Similarly, on a Rule 12(b)(3) motion to dismiss for improper venue, the burden is on the plaintiff to show that venue is proper. Summers v. Kenton, OH Police, No. 11-3162, 2012 WL 1565363, at *4 (E.D. La. May 2, 2012) (Africk, J.). The court may consider, in addition to the complaint and its proper attachments, other evidence in the record. Ambraco, Inc. v. Bossclip B.V., 570 F.3d 233, 238 (5th Cir. 2009) (citations omitted). Further, “the court must accept as true all allegations in the complaint and resolve all conflicts in favor of the plaintiff.” Braspetro Oil Servs. Co. v. Modec (USA), Inc., 240 Fed. App'x. 612, 615 (5th Cir. 2007).

         The Court need not decide here whether Rule 12(b)(1) or 12(b)(3) is the more appropriate vehicle for analyzing the Underwriters' motion to dismiss.[2] As explained herein, McDonnel's claims are properly dismissed in favor of arbitration under either rule. See Murchison Capital Partners, LP v. Nuance Commc'ns, Inc., 625 Fed. App'x 617, 627 (5th Cir. 2015) (affirming dismissal of plaintiff's claim on the ground that the defendant “would have been entitled to prevail on a Rule 12(b)(1) or 12(b)(3) motion to dismiss the case because the dispute is covered by the arbitration clause”).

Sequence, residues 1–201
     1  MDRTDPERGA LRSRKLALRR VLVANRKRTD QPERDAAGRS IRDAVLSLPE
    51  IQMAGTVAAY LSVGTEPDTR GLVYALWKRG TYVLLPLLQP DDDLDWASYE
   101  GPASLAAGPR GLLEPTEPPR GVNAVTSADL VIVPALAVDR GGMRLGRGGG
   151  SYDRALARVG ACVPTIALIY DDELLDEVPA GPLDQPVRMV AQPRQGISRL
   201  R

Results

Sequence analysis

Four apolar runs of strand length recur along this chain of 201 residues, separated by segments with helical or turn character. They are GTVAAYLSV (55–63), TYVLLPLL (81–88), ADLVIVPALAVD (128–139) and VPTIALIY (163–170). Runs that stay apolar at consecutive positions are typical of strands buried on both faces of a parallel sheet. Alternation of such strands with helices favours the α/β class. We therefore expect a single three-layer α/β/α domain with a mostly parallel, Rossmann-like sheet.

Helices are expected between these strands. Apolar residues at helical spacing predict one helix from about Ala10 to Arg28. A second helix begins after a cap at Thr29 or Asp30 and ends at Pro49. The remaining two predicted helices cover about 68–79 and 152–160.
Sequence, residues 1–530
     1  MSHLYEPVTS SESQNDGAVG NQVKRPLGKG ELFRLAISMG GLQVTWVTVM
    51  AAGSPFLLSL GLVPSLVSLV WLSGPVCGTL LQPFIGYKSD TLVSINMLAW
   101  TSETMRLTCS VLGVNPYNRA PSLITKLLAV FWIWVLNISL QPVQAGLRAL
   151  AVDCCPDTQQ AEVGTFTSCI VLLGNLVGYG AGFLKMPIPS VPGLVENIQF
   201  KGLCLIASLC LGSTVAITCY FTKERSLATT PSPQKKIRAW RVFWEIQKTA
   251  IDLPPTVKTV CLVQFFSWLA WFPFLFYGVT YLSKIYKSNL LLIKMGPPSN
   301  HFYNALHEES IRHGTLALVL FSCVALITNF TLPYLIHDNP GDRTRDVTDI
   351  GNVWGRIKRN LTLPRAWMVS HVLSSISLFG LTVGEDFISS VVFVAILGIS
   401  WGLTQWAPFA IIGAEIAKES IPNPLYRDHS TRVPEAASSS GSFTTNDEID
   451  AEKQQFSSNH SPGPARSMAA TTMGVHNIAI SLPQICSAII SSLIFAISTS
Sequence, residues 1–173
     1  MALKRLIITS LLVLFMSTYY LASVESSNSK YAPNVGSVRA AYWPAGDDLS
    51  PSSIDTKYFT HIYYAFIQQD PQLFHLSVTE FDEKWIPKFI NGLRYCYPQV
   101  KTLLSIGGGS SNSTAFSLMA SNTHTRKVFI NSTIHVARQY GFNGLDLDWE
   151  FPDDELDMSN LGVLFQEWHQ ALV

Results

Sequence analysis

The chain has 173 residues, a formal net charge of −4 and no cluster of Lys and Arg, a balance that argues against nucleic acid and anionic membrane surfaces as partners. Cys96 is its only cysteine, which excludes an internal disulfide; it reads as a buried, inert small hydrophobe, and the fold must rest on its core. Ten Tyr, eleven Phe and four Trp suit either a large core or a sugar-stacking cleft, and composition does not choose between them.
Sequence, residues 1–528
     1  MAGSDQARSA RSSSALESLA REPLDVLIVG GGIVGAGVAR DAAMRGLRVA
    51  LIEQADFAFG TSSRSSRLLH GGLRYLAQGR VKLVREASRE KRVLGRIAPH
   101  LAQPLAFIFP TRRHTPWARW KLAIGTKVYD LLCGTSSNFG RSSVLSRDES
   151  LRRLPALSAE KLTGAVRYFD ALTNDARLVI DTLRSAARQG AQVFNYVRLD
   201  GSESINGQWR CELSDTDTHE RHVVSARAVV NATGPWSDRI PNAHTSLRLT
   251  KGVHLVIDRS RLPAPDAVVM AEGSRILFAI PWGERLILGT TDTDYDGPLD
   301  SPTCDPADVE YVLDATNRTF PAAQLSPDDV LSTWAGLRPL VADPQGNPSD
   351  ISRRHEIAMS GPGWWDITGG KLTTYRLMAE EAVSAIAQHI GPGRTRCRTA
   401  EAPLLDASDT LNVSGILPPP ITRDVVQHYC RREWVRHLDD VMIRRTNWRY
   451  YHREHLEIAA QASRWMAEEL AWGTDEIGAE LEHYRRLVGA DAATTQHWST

II.

         The policy at issue provides, in pertinent part:

VII. General Conditions. . .

         2. Arbitration:

Any dispute, controversy or claim arising out of, relating to, or in connection with this Policy, shall be finally settled by arbitration. The arbitration shall be conducted in accordance with the International Arbitration Rules of the American Arbitration Association in effect at the time of the arbitration. The seat of the arbitration shall be New York, New York, in the United States of America.[3]

         . . .

7. Conformity to Statute:

         In the event any terms of this Policy are in conflict with the statutes of the jurisdiction where the Insured Property is located, such terms are amended to conform to such statutes.

         The Underwriters insist that McDonnel's claims must be dismissed in favor of arbitration pursuant to the policy's broad arbitration provision, the Federal Arbitration Act (“FAA”), and the United Nations Convention on the Recognition ...